Commercial Maca Preparations

Peruvian maca powder is prepared from roots that are harvested, sun-dried, cleaned and ground into a fine powder. During this process the roots are never heated above 45 C (115 F) thereby preserving the maximum amount of nutrients, enzymes, and beneficial glucosinolates.

In preparing gelatinized maca powder, the sun-dried roots are first boiled and then pressurized in order to remove all starch content. It takes 4 kg of maca powder to produce 1 kg of gelatinized maca extract (a 4:1 ratio). Heating the maca destroys the enzymes and alters some of the glucosinolates, but it does concentrate many of the active compounds as well as make them easier to digest. For example, heating increases the formation of sulforaphane, a derivative of Maca glucosinolates and best-known as a component in broccoli sprouts.

Health Benefits of Maca

Maca is a food. And, as such there is evidence to support its health promoting effects. Since it is consumed by Peruvians native to the central Andes in the naturally dried form and in amounts >20 g per day there is a historical study population to look to for safety and effects of Maca. One study, in particular, is worth mentioning. The study, based on a survey, assessed maca consumption, sociodemographic aspects, health status, and fractures in men and women aged 35–75 years old in this population. What the results indicated was that Maca consumption was associated with significantly higher scores in health status. It was also associated with lower rate of fractures, and lower scores of signs and symptoms of chronic mountain sickness. In addition, maca consumption was associated with lower body mass index and blood pressure.

Another study showed similar results on health scores, but showed Maca consumption was associated with lower levels of interleukin-6 (IL-6), an important marker for inflammation and oxidative damage. High serum IL-6 levels have been associated with aging, obesity, increased incidence of cardiovascular disease, cognitive impairment, and a shorter life expectancy. Higher IL-6 levels are also associated with living at higher altitudes. Hence, it appears that nature provided an answer to the those living in the high altitudes of the Andes.

Maca and Sexual Function

One of maca’s most renowned benefits is the enhancement of sexual desire and function for both men and women. Clinical trials confirm these properties, including maca’s benefits in erectile function. In men, Maca does not appear to directly affect the level of testosterone, but rather acts on the entire endocrine system to reduce the harmful effects of stress while improving mood, energy, and endurance. Women also respond well to Maca. For example, in one small randomized, double-blind, placebo-controlled, crossover trial in postmenopausal women, maca was shown to reduce anxiety and depression, and lower measures of sexual dysfunction.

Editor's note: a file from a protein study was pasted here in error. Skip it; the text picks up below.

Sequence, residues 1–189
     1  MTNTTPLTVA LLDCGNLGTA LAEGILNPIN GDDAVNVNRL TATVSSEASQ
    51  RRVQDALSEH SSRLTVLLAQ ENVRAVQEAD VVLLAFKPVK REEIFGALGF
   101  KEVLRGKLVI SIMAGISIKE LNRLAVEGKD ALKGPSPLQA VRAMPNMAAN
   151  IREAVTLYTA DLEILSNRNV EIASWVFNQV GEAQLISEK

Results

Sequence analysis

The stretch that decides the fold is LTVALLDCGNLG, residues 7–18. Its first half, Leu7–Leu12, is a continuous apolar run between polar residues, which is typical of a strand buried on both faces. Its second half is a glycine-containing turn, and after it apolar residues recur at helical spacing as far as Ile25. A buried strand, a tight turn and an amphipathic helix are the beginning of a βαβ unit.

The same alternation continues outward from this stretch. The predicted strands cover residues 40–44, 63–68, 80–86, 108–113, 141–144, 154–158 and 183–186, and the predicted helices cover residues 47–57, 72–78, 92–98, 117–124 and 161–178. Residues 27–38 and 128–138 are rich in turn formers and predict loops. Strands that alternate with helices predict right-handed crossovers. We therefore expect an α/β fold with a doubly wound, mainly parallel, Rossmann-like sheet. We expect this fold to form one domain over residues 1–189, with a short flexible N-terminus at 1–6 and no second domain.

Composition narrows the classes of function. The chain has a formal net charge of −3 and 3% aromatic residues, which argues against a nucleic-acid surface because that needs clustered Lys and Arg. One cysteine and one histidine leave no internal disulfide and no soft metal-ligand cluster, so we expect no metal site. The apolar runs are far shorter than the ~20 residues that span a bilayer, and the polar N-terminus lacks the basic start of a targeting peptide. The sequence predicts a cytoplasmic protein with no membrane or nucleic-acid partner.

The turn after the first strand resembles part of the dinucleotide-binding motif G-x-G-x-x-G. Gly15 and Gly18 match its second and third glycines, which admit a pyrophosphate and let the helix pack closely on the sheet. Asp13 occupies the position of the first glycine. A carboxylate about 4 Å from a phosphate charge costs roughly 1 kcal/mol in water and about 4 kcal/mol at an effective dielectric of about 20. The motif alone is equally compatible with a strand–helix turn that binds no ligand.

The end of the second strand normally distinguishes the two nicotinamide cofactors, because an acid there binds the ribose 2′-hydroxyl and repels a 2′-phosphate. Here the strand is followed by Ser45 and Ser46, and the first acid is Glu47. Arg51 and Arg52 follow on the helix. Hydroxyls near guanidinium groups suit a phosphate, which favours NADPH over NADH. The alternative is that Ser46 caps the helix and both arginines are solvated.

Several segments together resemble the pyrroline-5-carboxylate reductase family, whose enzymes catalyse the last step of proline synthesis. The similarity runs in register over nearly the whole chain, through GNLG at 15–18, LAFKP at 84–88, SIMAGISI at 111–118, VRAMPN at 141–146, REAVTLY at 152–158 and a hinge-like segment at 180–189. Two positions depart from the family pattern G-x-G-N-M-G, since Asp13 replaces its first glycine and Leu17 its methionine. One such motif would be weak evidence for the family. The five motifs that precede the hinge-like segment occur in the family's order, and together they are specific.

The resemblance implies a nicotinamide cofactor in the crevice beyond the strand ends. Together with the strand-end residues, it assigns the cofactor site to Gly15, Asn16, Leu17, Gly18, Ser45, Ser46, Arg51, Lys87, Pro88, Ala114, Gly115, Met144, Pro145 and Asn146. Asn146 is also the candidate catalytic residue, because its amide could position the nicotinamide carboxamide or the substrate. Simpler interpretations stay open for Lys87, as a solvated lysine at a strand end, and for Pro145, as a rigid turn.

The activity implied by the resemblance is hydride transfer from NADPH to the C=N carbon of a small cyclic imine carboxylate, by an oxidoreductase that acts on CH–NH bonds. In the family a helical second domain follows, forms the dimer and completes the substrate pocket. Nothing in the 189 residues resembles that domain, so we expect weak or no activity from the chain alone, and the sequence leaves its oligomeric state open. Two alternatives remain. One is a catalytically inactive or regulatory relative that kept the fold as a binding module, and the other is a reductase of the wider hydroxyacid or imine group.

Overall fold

The reality is that sexual dysfunction is highly prevalent in modern society worldwide affecting 20–30% of men and 40–45% of women. Most sexual dysfunction is related to reduced sexual desire in both females and males and erectile dysfunction (ED) in men. Since Maca impacts and improves both major causes of sexual dysfunction it is little wonder that this application has probably become the reason why most men and women are looking to add Maca into their diet.

Maca as an Adaptogen

Maca bears all of the criteria to meet being classified as an “adaptogen.” That is probably why it is mistakenly referred to as Peruvian ginseng by some marketers. Maca is not in the ginseng family, but does possess ginseng-like adaptogenic activity. Adaptogens historically been used to:

  • Restore vitality in debilitated and feeble individuals
  • Increase feelings of energy
  • Improve mental and physical performance
  • Prevent the negative effects of stress and enhance the body’s response to stress

One of the consistent findings in the human clinical data is that Maca boost mood scores, reduces feeling of stress and anxiety, and increases perceived energy levels.  

Maca and Blood Pressure

One of the findings in the study mentioned above in Peruvian Andeans was a blood pressure lowering effect with Maca. One double-blind study in healthy men did show that gelatinized maca reduced systolic and diastolic blood pressure after 12 weeks of use. Another study in postmenopausal women also showed a blood pressure lowering effect with regular Maca powder.

Practical Recommendations

The standard dose for dried powdered Maca or gelatinized Maca is typically 1,500-3,000 mg once or twice per day. Higher dosages may be required for more therapeutic effects, but for a general health boost a daily dosage of 1.5-6 g is appropriate.

Keep in mind that there are individualized responses to Maca, just like any food. If you are smaller, you might want to start at the lower end of the dosage range. If you are larger, the higher range.

Maca is generally very well-tolerated. If it does cause some gastrointestinal irritation, consider the gelatinized form.